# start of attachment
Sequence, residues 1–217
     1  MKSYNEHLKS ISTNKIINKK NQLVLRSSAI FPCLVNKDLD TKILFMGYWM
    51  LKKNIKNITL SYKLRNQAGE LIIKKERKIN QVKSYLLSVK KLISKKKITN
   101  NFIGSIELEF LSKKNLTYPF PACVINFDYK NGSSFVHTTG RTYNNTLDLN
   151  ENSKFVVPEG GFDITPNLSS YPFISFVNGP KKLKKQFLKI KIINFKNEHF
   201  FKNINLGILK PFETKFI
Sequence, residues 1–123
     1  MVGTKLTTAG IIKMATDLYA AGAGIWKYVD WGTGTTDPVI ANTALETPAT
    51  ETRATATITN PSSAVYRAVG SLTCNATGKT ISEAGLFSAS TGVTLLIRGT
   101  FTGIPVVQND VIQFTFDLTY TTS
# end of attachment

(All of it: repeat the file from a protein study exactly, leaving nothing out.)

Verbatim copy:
Sequence, residues 1–217
     1  MKSYNEHLKS ISTNKIINKK NQLVLRSSAI FPCLVNKDLD TKILFMGYWM
    51  LKKNIKNITL SYKLRNQAGE LIIKKERKIN QVKSYLLSVK KLISKKKITN
   101  NFIGSIELEF LSKKNLTYPF PACVINFDYK NGSSFVHTTG RTYNNTLDLN
   151  ENSKFVVPEG GFDITPNLSS YPFISFVNGP KKLKKQFLKI KIINFKNEHF
   201  FKNINLGILK PFETKFI
Sequence, residues 1–123
     1  MVGTKLTTAG IIKMATDLYA AGAGIWKYVD WGTGTTDPVI ANTALETPAT
    51  ETRATATITN PSSAVYRAVG SLTCNATGKT ISEAGLFSAS TGVTLLIRGT
   101  FTGIPVVQND VIQFTFDLTY TTS